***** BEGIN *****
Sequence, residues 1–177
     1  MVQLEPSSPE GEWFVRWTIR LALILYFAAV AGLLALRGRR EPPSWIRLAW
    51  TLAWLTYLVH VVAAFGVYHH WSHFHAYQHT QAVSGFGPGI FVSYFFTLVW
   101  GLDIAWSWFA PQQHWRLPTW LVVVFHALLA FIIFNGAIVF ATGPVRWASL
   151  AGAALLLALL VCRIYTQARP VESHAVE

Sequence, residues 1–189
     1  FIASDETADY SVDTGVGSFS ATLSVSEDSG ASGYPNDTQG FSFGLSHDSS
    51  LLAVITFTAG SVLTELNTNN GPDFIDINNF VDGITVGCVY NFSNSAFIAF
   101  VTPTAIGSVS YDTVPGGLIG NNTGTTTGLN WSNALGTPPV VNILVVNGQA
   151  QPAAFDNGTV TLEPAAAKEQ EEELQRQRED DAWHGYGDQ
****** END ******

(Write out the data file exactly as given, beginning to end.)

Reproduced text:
Sequence, residues 1–177
     1  MVQLEPSSPE GEWFVRWTIR LALILYFAAV AGLLALRGRR EPPSWIRLAW
    51  TLAWLTYLVH VVAAFGVYHH WSHFHAYQHT QAVSGFGPGI FVSYFFTLVW
   101  GLDIAWSWFA PQQHWRLPTW LVVVFHALLA FIIFNGAIVF ATGPVRWASL
   151  AGAALLLALL VCRIYTQARP VESHAVE

Sequence, residues 1–189
     1  FIASDETADY SVDTGVGSFS ATLSVSEDSG ASGYPNDTQG FSFGLSHDSS
    51  LLAVITFTAG SVLTELNTNN GPDFIDINNF VDGITVGCVY NFSNSAFIAF
   101  VTPTAIGSVS YDTVPGGLIG NNTGTTTGLN WSNALGTPPV VNILVVNGQA
   151  QPAAFDNGTV TLEPAAAKEQ EEELQRQRED DAWHGYGDQ